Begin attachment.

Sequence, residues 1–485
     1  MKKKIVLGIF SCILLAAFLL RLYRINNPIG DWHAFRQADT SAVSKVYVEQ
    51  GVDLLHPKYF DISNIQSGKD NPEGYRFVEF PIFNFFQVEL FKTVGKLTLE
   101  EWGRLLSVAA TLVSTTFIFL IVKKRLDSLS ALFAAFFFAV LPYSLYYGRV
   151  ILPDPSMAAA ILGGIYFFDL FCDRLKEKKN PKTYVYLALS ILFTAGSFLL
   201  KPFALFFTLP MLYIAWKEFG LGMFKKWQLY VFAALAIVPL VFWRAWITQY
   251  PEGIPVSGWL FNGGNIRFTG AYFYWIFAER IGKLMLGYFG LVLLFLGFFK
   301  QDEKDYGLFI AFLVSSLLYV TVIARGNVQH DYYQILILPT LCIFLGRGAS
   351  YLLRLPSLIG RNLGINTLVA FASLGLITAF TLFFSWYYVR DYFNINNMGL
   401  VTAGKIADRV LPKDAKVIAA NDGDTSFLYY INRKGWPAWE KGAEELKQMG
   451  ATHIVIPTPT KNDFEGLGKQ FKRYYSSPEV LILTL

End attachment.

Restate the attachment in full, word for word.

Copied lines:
Sequence, residues 1–485
     1  MKKKIVLGIF SCILLAAFLL RLYRINNPIG DWHAFRQADT SAVSKVYVEQ
    51  GVDLLHPKYF DISNIQSGKD NPEGYRFVEF PIFNFFQVEL FKTVGKLTLE
   101  EWGRLLSVAA TLVSTTFIFL IVKKRLDSLS ALFAAFFFAV LPYSLYYGRV
   151  ILPDPSMAAA ILGGIYFFDL FCDRLKEKKN PKTYVYLALS ILFTAGSFLL
   201  KPFALFFTLP MLYIAWKEFG LGMFKKWQLY VFAALAIVPL VFWRAWITQY
   251  PEGIPVSGWL FNGGNIRFTG AYFYWIFAER IGKLMLGYFG LVLLFLGFFK
   301  QDEKDYGLFI AFLVSSLLYV TVIARGNVQH DYYQILILPT LCIFLGRGAS
   351  YLLRLPSLIG RNLGINTLVA FASLGLITAF TLFFSWYYVR DYFNINNMGL
   401  VTAGKIADRV LPKDAKVIAA NDGDTSFLYY INRKGWPAWE KGAEELKQMG
   451  ATHIVIPTPT KNDFEGLGKQ FKRYYSSPEV LILTL